MAD for Keeps was not a chalky little digest. It was a hardcover, printed in color on nice paper. The art was the original size, and most of it was by artists I had never heard of. It was printed in 1958, and my internet searches suggest it was the second or third collection of material from the magazine, from an era that time had mostly washed away when I first started reading MAD. My eyes perked up as I read it.
There were a few movie parodies, but of movies I had never heard of. There were ad parodies, but they were parodies of campaigns that closed out when my parents were in high school. And there were articles that were mostly words, with just a few pictures! And articles about new innovations, like supermarkets, and what it would be like to go to space, pre-Sputnik. What was this?
Originally, MAD was a comic for adults. Or a comic that adults could read. The first writer for MAD, Harvey Kurtzman, had an amazing talent for writing for many different levels. It was his playground to experiment, and he was not afraid to try new formats or to make a joke or two that required esoteric knowledge. Strangely, his name is nowhere in the book. I suspect MAD for Keeps came out just after Kurtzman’s bitter departure from the magazine.
And the art! The book was really a showcase for three of the greatest comic artists of the Fifties: Jack Davis, Wally Wood, and Bill Elder. Fugitives from the comic book witch hunts of the early 1950s, they poured all of their talent into the remaining outlet for such work. There was no style Bill Elder couldn’t mimic, from simplistic funny animals to photorealistic ad campaigns. His panels are filled with puns and jokes and jokes upon jokes. Wally Wood’s women are crazy hourglasses with bullet shaped breasts that echo the bullet shaped rockets he loved to draw. George Lucas practically copied the inside of the Millenium Falcon from some of Wood’s panels.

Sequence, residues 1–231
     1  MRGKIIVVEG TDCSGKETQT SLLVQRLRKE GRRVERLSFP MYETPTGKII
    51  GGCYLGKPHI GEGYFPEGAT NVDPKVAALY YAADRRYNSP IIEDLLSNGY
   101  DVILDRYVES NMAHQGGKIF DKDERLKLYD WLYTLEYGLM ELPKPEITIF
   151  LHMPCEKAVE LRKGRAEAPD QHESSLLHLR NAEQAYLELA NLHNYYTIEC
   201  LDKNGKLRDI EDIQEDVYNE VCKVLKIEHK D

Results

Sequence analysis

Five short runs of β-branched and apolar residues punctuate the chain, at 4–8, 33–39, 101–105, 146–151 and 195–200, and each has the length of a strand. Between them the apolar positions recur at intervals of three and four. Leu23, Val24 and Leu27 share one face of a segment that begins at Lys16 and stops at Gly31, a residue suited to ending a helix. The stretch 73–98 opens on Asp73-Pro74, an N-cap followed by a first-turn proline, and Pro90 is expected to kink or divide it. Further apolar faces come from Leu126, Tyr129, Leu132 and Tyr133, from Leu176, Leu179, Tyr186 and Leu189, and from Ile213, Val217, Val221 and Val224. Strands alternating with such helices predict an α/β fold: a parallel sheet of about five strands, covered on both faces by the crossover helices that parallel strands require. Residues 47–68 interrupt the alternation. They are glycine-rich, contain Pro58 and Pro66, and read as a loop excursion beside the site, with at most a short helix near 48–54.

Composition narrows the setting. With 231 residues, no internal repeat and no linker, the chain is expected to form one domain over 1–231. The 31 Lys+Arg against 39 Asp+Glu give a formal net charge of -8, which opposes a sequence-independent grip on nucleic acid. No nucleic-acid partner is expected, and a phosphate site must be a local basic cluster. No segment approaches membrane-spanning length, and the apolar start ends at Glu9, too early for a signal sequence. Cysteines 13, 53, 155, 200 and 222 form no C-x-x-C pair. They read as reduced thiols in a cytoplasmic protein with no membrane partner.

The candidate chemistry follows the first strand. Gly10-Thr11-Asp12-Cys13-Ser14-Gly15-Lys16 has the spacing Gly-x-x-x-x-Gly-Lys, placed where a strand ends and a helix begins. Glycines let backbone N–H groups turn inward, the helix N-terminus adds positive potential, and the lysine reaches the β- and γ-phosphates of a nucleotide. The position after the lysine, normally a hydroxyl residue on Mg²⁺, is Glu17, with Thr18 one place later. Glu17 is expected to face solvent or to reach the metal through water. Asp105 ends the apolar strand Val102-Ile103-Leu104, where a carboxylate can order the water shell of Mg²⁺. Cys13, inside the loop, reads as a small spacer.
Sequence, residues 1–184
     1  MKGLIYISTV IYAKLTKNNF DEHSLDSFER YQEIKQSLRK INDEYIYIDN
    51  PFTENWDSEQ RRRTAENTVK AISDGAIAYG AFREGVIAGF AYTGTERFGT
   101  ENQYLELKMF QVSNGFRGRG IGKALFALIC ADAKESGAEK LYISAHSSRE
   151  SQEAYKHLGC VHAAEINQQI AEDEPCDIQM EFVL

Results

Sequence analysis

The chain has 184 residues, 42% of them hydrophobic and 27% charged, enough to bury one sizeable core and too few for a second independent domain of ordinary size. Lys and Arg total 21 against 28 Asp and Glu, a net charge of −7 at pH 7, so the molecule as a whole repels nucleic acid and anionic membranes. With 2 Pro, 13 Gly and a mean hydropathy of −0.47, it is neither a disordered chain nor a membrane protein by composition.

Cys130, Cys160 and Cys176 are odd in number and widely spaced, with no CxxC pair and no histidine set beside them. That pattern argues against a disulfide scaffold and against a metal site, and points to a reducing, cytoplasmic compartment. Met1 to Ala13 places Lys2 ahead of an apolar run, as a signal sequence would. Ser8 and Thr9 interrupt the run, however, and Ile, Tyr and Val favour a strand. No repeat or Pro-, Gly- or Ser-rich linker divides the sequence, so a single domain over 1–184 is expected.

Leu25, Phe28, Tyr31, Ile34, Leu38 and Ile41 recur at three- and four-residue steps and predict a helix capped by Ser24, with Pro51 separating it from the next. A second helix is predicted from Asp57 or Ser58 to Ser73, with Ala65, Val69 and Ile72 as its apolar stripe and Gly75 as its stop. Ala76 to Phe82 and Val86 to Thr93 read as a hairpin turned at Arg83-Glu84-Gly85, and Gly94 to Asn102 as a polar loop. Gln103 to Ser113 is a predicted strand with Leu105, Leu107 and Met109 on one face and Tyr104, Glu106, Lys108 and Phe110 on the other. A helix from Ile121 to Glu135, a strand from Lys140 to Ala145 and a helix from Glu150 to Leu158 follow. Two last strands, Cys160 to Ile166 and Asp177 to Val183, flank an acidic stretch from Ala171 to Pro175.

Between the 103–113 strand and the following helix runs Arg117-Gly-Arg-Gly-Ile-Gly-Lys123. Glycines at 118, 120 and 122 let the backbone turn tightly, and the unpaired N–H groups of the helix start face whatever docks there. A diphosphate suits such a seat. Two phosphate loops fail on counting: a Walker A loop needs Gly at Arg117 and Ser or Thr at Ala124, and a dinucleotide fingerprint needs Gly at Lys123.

My mother kept buying me MAD books. My mother is a reading glutton. It doesn’t really matter what you read as long as you like it and you keep reading. Like a candy bar, a MAD book provides a quick boost of pleasure to get you through a slow day. MAD for Keeps was like the first taste of quality chocolate – my taste would never be the same.
The mystery of the references, the details of the work, the quality of the work – all these made MAD for Keeps a book I kept returning to. I still looked at the little MAD books and the modern incarnation of the magazine, but less and less. MAD for Keeps was something that stayed stuck in my brain. Sometimes I’d just stare at the beauty of the work. Sometimes, I’d pore over a page, trying to find all the little jokes tucked into corners. Sometimes, out of nowhere I’d read something that would be the key to a joke written over a decade before I was born and I’d go back to the book to decipher a little more of the humor. My mother thought she was just fueling my reading, but she was planting the seeds of connoisseurship. That work from the 1950s is a touchstone of how good comic art can be.
I'm a father now, and I believe in my mother's philosophy that any book that gets a kid to read is a good book. If my son discovers MAD, then MAD he will get. But I'm going to steer him to MAD for Keeps as soon as I can and hope that it will inspire him the way it inspired me.